#1
Hey guys. So I have this ESP Eclipse standard series, you know, the type before their ass were sued by Gibson for duplicating their les paul design with the 4 pot design and the 3 way switch. The thing is an absolute beauty, but I think I have done something really bad.

The ESP is equipped with a couple of EMG's, 60 in the neck and 81 in the bridge. I googled some guides on EMG for getting the best sound out of them, and discovered that there were in fact a simple mod called the 18v mod, that would make the top end more articulate and allow more headroom in the pickups. Naturally, I had to try it.


The first thing I did was the reversible version, like this one:
[forbidden link]

I however did it wrong. The cables were switched up for me, so the polarity were ultimately switched, meaning I sent 18 volts the wrong way into the emgs. Now when I try to reverse the mod by simply unplugging the ghetto cabling I created, the sound is dull and the ouput is insanely low.

It does not matter if I take the battery out, leaving it in or even swapping the battery with a new one, the ouput remains the same in a dull and weak output.

If I crank the input on my DI I get a sound coming from the guitar, and both of the volume knobs work, as well as the tone knobs. The three way switch on the guitar works as well.

I have checked every cable in the guitar cavity and everything seems to fit snuggly, no loose cables or anything. I think I have simply fried the preamp in the pickups, but I created this thread as a last hope. Do either of you know of a similar problem and how to fix it?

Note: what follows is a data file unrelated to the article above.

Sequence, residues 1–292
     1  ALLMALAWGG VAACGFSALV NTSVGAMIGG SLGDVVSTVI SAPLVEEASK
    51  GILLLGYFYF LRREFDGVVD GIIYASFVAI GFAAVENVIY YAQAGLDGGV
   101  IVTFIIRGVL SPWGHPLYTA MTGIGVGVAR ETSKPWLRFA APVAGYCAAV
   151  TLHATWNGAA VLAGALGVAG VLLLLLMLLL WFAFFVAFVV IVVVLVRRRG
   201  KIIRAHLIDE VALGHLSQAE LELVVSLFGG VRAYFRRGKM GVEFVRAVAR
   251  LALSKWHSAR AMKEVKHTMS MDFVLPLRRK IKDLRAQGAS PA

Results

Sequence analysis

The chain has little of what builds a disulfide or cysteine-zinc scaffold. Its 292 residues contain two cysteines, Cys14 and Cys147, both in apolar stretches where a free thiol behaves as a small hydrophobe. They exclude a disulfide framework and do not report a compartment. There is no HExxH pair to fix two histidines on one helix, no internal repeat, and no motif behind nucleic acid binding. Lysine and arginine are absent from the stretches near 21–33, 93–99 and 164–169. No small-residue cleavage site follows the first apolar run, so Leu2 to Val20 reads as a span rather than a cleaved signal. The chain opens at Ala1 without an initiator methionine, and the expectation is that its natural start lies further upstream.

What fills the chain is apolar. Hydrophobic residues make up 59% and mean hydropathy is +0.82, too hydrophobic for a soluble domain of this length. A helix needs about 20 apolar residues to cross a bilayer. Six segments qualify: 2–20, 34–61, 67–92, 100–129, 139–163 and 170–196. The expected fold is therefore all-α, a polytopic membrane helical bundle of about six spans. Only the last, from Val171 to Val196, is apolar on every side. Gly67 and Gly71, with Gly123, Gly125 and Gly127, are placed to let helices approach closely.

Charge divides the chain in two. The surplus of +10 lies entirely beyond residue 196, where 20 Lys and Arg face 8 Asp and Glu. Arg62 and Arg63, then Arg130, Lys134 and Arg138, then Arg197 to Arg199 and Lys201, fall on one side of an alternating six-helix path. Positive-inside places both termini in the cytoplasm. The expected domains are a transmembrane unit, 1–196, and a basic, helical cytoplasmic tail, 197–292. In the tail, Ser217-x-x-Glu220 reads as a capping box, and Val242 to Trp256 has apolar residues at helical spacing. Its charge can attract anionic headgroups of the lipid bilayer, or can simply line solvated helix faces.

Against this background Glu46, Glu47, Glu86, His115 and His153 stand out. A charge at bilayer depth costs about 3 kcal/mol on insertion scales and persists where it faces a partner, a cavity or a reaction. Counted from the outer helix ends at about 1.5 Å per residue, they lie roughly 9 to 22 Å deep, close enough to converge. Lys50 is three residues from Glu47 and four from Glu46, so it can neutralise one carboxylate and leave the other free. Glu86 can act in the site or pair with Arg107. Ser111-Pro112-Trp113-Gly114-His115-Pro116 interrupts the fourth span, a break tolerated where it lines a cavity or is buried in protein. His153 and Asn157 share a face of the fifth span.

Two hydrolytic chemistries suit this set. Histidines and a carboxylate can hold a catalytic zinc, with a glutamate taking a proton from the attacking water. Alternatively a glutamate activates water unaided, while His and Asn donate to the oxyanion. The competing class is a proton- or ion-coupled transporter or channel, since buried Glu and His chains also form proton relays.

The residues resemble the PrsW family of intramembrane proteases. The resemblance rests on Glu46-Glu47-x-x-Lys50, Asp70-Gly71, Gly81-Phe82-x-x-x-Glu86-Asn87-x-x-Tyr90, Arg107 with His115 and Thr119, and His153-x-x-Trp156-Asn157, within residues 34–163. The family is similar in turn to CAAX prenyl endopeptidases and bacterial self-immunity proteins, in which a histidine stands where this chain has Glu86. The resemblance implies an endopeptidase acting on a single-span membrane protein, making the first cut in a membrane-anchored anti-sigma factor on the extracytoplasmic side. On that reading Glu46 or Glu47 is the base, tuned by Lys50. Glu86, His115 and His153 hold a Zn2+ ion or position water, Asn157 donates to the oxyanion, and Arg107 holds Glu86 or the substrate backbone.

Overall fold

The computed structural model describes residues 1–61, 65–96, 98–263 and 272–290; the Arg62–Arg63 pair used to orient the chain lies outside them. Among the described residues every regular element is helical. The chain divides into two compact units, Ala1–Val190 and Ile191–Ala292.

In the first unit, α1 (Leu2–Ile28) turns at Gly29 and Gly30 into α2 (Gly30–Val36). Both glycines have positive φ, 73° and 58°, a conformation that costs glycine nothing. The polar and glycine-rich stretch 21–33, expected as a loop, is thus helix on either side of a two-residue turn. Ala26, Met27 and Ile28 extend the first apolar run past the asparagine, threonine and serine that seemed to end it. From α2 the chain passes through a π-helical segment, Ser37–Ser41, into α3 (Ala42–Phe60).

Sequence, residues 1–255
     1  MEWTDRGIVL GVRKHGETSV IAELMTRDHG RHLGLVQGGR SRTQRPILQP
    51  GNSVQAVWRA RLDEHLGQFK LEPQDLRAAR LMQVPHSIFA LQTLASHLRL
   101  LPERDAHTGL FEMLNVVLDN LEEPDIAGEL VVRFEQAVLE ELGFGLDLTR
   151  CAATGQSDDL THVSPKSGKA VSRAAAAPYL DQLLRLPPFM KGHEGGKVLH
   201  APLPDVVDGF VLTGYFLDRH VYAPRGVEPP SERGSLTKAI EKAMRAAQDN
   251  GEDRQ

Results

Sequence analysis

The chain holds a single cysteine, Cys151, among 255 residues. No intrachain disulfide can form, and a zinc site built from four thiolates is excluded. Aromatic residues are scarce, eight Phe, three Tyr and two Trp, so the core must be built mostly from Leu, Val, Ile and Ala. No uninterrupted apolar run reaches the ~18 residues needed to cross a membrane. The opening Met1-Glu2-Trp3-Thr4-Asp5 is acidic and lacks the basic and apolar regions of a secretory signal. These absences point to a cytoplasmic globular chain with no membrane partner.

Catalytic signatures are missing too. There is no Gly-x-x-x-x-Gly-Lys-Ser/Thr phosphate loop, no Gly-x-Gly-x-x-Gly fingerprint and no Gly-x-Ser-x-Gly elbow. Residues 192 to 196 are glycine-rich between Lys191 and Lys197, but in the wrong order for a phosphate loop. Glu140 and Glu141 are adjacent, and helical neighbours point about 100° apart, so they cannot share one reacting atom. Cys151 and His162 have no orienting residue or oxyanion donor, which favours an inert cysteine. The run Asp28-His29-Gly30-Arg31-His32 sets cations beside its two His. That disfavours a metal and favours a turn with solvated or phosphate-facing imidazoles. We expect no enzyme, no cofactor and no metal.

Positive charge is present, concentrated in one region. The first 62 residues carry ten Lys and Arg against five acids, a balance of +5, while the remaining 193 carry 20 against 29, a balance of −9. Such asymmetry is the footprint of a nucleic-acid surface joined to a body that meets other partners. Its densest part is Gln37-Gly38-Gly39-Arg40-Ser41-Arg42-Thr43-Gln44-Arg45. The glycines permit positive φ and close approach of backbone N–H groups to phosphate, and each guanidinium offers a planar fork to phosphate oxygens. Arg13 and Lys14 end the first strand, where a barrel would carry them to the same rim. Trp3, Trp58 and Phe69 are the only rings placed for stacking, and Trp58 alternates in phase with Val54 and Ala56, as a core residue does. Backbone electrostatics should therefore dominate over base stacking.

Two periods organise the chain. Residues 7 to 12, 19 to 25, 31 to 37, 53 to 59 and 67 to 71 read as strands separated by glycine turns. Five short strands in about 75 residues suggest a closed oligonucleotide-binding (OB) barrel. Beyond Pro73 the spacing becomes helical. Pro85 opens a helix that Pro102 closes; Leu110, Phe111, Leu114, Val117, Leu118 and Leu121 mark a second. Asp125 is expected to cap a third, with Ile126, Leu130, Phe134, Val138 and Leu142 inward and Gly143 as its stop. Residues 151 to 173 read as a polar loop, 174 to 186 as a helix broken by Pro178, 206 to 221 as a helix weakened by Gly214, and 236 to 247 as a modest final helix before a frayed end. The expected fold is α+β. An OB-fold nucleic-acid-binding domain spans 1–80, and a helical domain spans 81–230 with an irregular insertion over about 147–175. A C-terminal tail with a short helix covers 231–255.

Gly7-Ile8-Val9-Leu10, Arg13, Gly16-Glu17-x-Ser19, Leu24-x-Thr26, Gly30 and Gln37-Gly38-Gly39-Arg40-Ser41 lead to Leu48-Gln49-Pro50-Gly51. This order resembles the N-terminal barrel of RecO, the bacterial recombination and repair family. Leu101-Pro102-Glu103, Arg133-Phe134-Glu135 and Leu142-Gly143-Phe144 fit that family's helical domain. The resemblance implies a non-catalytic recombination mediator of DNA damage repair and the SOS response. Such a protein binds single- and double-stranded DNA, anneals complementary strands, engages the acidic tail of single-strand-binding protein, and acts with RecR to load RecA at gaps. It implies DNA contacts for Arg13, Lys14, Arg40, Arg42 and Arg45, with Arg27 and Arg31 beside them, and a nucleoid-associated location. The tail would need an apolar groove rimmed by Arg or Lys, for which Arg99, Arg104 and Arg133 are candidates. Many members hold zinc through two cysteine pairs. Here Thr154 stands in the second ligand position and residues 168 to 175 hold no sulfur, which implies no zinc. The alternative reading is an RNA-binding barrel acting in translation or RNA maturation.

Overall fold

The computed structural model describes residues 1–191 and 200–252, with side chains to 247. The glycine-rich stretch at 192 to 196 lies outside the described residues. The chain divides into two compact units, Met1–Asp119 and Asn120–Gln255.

If it cannot get fixed, I think I would rather invest in a couple of james hetfield signature EMG's, as I've read (haven't actually heard them myself) that they improve upon the EMG's compressed and digital sound.
#4
I think you over cooked them. 9v X 2 the wrong way? Yep the little red thing should have popped. Try a Fulltone 2 and see if any thing normal comes out.
#5
I doubt you fried them. EMGs sound like that when they don't get any voltage. Plus there's a very good chance the folks at EMG covered their bases an included polarity protection. You can power EMGs with up to 27v do their polarity protection will AT LEAST protect up to that but probably protects to at least 50v.

Just rewire it with 9v and make sure the pickups are getting the juice. If so add another battery and just leave it at 18v.
#6
Quote by Invader Jim
I doubt you fried them. EMGs sound like that when they don't get any voltage. Plus there's a very good chance the folks at EMG covered their bases an included polarity protection. You can power EMGs with up to 27v do their polarity protection will AT LEAST protect up to that but probably protects to at least 50v.

Just rewire it with 9v and make sure the pickups are getting the juice. If so add another battery and just leave it at 18v.


So there is such a thing as polarity protection? I would certainly hope such a thing existed, considering the fact that a pair of emg's cost a premium price, added with the well known fact that us guitarist aren't necessarily considered to be as bright as we intend us ourselves to be.


All the volume, tone and switch knobs work perfectly. I have tried with other batteries, and when I connect the batteries it makes sort of a clicking sound, meaning they do get connection with something.